China’s most powerful Internet company is headquartered in a bland, glassy tower in southern Shenzhen. Unlike Silicon Valley’s funky campuses, there is nothing to reveal that this might be a hub of creativity. An insurance company, perhaps? In the middle of its nondescript, corporate lobby, an information desk stands next to the only sign of personality: a pair of giant plush penguins, the Tencent mascot times two. Nearby, an iPad displays stats on the company’s messaging services. But when I pull out a notebook and start jotting down the numbers, the receptionist waves her hand. “Oh no, that’s not updated!” she says. “It’s just for show.”
Twitter and television go together like cats and the internet. Like couches and potatoes. Like Tim and Dawn on The Office.
This is awesome: Guy tries to take a selfie in front of a passing train, and gets kicked in the head by the conductor for his trouble.
What you might have missed
Game of Thrones, the most pirated show of 2013, started its fourth season two weeks ago and it’s already breaking records just two episodes in. TorrentFreak reports that “The Lion and the Rose,” the second of episode of the show’s fourth season, garnered the largest torrent swarm ever recorded on Sunday night. Nearly 200,000 users were downloading the same exact torrent all at once, breaking the previous record of the season three finale, which raked in around 170,000 concurrent downloads.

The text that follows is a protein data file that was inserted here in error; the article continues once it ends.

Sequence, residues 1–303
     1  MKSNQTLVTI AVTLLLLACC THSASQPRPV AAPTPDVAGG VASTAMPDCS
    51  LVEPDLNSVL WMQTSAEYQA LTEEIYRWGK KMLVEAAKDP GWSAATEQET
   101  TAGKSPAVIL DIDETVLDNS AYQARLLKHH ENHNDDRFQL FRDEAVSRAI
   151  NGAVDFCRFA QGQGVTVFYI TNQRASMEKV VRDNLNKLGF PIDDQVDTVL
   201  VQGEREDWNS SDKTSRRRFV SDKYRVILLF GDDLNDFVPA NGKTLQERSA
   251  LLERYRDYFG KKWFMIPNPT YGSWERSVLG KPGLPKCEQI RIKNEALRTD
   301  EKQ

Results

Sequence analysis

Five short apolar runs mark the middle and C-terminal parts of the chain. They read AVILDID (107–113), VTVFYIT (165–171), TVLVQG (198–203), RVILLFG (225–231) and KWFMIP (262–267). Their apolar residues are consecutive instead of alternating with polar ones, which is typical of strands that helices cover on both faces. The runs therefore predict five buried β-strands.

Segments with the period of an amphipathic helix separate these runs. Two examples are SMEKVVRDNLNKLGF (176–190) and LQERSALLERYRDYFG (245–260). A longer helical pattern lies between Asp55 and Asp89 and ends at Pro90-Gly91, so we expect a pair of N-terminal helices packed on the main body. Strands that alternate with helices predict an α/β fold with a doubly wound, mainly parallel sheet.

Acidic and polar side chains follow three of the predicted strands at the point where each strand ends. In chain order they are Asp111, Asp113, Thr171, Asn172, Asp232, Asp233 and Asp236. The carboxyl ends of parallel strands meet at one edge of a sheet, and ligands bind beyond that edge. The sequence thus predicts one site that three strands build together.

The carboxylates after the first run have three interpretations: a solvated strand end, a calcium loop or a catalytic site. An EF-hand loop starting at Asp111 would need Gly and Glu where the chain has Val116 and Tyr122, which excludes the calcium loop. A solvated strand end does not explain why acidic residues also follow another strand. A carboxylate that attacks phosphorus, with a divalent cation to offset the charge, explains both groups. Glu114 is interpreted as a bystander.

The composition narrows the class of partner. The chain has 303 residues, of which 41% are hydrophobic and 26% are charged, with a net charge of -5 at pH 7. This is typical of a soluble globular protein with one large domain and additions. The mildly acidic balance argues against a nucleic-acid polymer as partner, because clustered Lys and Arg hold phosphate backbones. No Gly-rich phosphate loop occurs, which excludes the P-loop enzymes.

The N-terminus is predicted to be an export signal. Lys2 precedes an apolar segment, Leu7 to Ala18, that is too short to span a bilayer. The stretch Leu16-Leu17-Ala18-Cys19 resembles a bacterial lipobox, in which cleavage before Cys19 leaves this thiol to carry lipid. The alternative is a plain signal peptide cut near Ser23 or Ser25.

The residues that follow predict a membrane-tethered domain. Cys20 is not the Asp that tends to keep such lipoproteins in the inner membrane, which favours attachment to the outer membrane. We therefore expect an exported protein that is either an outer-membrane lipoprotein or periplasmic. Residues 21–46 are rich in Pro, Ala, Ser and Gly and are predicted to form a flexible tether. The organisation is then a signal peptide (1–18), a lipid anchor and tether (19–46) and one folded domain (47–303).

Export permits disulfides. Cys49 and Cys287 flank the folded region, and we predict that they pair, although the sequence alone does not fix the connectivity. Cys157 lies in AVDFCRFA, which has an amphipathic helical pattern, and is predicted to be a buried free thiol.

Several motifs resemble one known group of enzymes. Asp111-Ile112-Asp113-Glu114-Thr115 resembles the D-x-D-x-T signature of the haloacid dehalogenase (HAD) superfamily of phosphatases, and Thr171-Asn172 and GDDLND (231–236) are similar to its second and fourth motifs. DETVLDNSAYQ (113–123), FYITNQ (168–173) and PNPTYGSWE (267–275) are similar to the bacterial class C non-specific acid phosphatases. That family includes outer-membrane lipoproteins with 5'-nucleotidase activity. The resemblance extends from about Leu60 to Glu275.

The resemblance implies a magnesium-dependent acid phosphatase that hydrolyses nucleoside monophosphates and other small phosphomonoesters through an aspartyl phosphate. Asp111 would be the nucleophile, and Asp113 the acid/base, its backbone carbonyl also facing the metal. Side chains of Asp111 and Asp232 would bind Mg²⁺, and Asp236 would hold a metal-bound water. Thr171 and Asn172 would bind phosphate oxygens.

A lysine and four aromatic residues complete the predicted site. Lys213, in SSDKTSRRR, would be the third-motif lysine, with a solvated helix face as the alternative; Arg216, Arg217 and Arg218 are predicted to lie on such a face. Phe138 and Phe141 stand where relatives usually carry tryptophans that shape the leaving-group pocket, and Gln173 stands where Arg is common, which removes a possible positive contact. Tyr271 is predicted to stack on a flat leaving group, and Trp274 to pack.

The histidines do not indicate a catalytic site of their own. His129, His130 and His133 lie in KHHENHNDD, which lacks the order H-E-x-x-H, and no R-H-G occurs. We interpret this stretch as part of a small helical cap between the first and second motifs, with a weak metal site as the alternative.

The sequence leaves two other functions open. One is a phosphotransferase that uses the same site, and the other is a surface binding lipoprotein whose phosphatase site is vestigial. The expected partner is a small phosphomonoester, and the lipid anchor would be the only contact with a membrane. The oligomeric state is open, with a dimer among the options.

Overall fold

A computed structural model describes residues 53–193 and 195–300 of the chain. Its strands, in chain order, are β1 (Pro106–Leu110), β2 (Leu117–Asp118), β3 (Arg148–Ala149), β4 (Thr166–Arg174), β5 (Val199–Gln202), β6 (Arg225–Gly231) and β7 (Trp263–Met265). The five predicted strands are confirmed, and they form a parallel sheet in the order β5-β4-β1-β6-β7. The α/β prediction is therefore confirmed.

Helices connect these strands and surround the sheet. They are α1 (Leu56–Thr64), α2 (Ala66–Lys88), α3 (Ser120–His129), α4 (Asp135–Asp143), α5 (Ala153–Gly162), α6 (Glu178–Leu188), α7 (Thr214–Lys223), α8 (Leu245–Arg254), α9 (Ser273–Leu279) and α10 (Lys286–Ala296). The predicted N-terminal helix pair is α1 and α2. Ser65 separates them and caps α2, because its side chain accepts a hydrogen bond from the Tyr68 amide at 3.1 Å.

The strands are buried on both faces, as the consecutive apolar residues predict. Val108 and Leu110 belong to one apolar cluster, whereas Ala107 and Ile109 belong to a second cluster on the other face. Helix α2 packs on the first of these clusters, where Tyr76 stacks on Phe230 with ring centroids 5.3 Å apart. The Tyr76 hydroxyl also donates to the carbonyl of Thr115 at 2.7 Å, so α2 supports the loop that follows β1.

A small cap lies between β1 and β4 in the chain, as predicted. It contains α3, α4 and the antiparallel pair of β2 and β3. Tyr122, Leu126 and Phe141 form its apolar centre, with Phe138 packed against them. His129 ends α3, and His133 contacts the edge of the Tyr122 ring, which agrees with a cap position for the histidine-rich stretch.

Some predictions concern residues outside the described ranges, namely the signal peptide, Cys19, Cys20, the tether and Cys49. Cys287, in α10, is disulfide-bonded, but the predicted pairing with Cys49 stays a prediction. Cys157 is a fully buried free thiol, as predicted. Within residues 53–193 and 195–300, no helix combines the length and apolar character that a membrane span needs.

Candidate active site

Campaign Monitor, the Australian company founded in 2004 to provide email marketing services, has today announced it’s first investment – AUD$266 million (USD$250m) from equity firm Insight Equity Partners.
By Rodney Gordon in Web on Thursday 17 April 2014
If you don’t know the name Kirby Ferguson or his wonderful series Everything is a remix, check it out. Everything is a remix was a web series about our troubled copyright system, released for free in the hope of stirring conversation. Now Kirby and his non-threatening patter are back to enlighten us about patent trolls.
If Back to the Future has taught us anything, it’s that hoverboards are amazing, and it is one of 2014′s inexcusable tragedies that they are not yet real.
Which isn’t to say that some very smart people haven’t tried to build them. In this month’s inside look at Google X, Google’s fantastical R&D lab, researcher (and avid skateboarder) Rich DeVaul says he tried to design one. Why? “I just wanted one,” he says.
This is the Red Planet, as we’ve never seen in it before.
It is widely believed that while successful tech companies build good products, the real innovation comes from those that build new markets. A typical example of this would be Apple, which can take most of the credit for the mobile app and tablet markets as we know them today.